Seasonal depression, also called seasonal affective disorder (SAD), is a type of depression. It’s triggered by the change of seasons and most commonly begins in late fall. Symptoms include feelings of sadness, lack of energy, loss of interest in usual activities, oversleeping and weight gain. Treatments include light therapy, talk therapy and antidepressants.
Seasonal affective disorder (SAD) is a type of depression triggered by a change in seasons, usually when fall starts. This seasonal depression gets worse in the late fall or early winter before ending in the sunnier days of spring.
You can also get a mild version of SAD known as the “winter blues.” It’s normal to feel a little down during colder months. You may be stuck inside, and it gets dark early.
But full SAD goes beyond this. It’s a form of depression. Unlike the winter blues, SAD affects your daily life, including how you feel and think. Fortunately, treatment can help you get through this challenging time.
Your healthcare provider may refer to seasonal affective disorder as seasonal depression.
Some people get a rare form of SAD called “summer depression.” It starts in the late spring or early summer and ends in the fall. It’s less common than the seasonal affective disorder that tends to come during winter.
About 5% of adults in the U.S. experience SAD. It tends to start in young adulthood (usually between the ages of 18 and 30). SAD affects people assigned female at birth more than people assigned male at birth, though researchers aren’t sure why.
About 10% to 20% of people in America may get a milder form of the winter blues.
Seasonal affective disorder (SAD) is a type of depression. The American Psychiatric Association officially classifies SAD as major depressive disorder with seasonal patterns. So if you have seasonal affective disorder, you may experience mood changes and symptoms of depression, including:
People who have summer SAD may experience:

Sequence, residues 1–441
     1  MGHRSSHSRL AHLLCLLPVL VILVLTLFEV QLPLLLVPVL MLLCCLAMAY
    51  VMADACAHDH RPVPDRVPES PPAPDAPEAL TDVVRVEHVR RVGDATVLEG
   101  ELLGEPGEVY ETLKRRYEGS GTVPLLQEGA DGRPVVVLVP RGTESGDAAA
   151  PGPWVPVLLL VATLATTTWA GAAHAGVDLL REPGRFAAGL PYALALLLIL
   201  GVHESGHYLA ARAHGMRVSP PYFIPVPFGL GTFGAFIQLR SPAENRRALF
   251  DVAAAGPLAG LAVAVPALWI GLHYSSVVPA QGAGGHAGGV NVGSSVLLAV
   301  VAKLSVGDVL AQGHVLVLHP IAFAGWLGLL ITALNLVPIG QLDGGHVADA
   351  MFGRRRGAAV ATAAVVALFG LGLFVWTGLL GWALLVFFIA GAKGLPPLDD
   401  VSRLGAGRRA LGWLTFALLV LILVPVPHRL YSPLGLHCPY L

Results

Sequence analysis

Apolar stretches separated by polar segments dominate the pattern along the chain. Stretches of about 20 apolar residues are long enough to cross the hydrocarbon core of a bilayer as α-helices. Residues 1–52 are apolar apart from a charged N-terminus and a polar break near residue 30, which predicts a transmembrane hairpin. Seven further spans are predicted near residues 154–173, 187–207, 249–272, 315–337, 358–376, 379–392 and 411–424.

Researchers don’t know exactly what causes seasonal depression. Lack of sunlight may trigger the condition if you’re prone to getting it. The theories suggest:
Seasonal affective disorder (SAD) is more common in people between 18 and 30 and people assigned female at birth. You’re also at higher risk if you:
If you have symptoms of seasonal affective disorder (SAD), don’t try to diagnose yourself. See your healthcare provider for a thorough evaluation. You may have another reason for your depression. Many times, seasonal affective disorder is part of a more complex mental health condition.
Your provider may refer you to a psychiatrist or psychologist. These mental health professionals will ask you about your symptoms. They’ll consider your pattern of symptoms and decide if you have seasonal depression or another mood disorder. You may need to fill out a questionnaire to determine if you have SAD.
What tests will I need to diagnose seasonal affective disorder (SAD)?
There’s no blood test or scan to diagnose seasonal depression. Still, your provider may recommend testing to rule out other conditions that cause similar symptoms, including testing your thyroid to make sure it’s functioning properly.
Your provider may diagnose you with SAD if you have:
Your provider will talk to you about treatment options. You may need a combination of treatments, including:
To use light therapy or phototherapy, you purchase a special lamp. It has white fluorescent light tubes covered with a plastic screen to block ultraviolet rays. The light is about 20 times brighter than regular indoor light. The intensity of light emitted should be 10,000 lux.